Kipchoge braced up for sub-two-hour marathon quest

Kenya's Eliud Kipchoge celebrates after winning the Men's Marathon athletics event of the Rio 2016 Olympic ...
Kenya's Eliud Kipchoge celebrates after winning the Men's Marathon athletics event of the Rio 2016 Olympic Games at the Sambodromo in Rio de Janeiro on August 21, 2016. OLIVIER MORIN / AFP

Olympic and two-time London Marathon champion Eliud Kipchoge believes he has what it takes to achieve one of running’s most formidable barriers; breaking the two-hour marathon mark.

The 31-year old is part of a three-man team made up of the finest distance runners as selected by sponsors Nike to achieve the sub-two-hour marathon in a yet to be announced course in May this year.

Along with the former 5000m world champion, the company has recruited Zersenay Tadese, the half-marathon world-record holder from Eritrea and Ethiopian Lelisa Desisa, a two-time Boston Marathon champion for the ambitious plan dubbed Breaking2.

Kipchoge, voted the 2016 Male Sports Personality of the Year during the recently annual SOYA awards, believes what seemed to be an impossible quest at the time of its conception is a palpable mission.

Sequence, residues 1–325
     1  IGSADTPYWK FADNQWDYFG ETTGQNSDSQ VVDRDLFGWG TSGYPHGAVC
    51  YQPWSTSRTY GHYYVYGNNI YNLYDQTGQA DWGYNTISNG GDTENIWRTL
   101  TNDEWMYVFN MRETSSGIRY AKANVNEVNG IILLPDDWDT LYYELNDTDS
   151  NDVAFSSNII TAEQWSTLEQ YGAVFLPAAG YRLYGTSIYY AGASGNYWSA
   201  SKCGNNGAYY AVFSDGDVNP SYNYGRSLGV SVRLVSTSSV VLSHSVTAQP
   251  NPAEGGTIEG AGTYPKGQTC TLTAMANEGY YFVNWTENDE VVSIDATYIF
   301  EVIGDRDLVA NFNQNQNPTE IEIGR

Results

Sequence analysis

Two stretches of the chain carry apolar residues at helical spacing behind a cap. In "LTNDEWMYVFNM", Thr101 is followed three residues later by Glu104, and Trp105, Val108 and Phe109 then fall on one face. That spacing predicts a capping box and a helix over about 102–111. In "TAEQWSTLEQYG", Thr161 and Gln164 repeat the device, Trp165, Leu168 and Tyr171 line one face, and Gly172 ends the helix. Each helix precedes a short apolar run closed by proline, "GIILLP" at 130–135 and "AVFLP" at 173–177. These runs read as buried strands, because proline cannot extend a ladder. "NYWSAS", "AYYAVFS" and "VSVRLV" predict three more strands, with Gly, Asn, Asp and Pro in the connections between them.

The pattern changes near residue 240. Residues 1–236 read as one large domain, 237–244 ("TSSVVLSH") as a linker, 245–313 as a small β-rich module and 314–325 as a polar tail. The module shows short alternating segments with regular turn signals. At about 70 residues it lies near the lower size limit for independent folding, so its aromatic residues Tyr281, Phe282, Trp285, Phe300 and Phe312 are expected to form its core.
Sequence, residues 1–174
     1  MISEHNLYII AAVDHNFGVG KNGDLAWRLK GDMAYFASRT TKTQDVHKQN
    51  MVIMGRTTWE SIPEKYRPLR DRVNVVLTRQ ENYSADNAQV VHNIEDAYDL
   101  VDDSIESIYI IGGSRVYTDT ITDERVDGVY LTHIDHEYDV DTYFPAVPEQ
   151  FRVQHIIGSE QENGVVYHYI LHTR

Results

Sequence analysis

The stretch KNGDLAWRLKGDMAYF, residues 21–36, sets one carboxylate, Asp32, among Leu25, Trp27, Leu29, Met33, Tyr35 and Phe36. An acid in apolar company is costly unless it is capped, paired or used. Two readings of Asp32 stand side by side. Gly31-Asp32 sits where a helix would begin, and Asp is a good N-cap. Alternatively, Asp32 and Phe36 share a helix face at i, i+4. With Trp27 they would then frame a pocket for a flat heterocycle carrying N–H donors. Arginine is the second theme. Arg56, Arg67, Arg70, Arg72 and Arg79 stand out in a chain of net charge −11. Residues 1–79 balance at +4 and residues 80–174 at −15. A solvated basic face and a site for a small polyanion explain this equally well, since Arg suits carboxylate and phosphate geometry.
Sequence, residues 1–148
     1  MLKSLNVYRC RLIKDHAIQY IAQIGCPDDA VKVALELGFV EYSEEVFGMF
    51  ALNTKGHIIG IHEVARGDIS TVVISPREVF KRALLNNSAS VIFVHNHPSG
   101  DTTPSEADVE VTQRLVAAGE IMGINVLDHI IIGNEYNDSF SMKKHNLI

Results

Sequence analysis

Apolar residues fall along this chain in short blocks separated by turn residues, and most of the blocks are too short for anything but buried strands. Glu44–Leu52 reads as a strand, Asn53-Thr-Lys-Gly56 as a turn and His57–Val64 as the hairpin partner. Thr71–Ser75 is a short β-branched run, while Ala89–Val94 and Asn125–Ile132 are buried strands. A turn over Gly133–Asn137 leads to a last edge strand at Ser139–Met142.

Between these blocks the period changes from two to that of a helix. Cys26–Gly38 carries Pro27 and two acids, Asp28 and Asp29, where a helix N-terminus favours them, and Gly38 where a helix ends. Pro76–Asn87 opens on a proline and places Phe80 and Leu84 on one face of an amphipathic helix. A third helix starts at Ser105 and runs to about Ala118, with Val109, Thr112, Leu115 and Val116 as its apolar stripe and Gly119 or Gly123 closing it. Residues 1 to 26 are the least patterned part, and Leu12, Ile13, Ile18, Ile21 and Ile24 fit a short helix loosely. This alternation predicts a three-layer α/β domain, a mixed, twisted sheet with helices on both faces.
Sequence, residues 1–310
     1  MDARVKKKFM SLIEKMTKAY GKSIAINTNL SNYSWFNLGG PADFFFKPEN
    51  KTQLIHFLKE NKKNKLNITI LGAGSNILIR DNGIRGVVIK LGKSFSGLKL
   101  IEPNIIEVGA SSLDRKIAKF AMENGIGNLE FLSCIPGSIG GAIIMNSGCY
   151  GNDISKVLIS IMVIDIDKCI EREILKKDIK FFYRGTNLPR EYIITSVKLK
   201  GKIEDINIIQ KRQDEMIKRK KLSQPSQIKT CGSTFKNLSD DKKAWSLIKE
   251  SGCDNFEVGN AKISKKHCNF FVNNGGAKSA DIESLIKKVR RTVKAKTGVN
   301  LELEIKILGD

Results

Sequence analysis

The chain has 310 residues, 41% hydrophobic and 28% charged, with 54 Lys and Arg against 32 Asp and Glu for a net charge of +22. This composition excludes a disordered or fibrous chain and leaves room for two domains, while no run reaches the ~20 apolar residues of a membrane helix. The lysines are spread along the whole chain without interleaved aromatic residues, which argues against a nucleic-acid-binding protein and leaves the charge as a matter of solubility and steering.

“I believe in myself, I’m in the project and believe that everything is possible. To many it appears impossible but with the kind of work and commitment we have put in it, I can see it happen more than I could before.

“For the next four months I will be really putting more effort, doing what must be done to make it happen,” Kipchoge told Citizen Digital.

Kipchoge is drawing inspiration from his rise from a relatively lowly celebrated track and field racing career to a marathon world beater.

“Looking back when I was transiting from track and field to the road I didn’t expect much but what we see today are fruits of hard work. May be even pundits would have given me little chances then as most are doing in this venture, but I have learnt with proper focus impossibilities are few,” Kipchoge added.

Kipchoge will lead his two other ‘partners in crime’ in the mission that would see them smash the world record for a marathon, set by compatriot Dennis Kimetto in Berlin in September 2014, which stands at two hours, two minutes, and 57 seconds.

He announced his marathon supremacy during the 2015 London marathon when he stunned a strong field that included among other stars, 2012 Olympic marathon bronze medalist Wilson Kipsang and Kimetto.

Kipchoge is optimistic Kenyan middle distance runners will continue rising to the road races challenge,  tipping Olympic 5,000m champion Viavian Cheruyiot to shine in her marathon racing career which she announced her intentions to transit onto.

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Story By Jacob Icia
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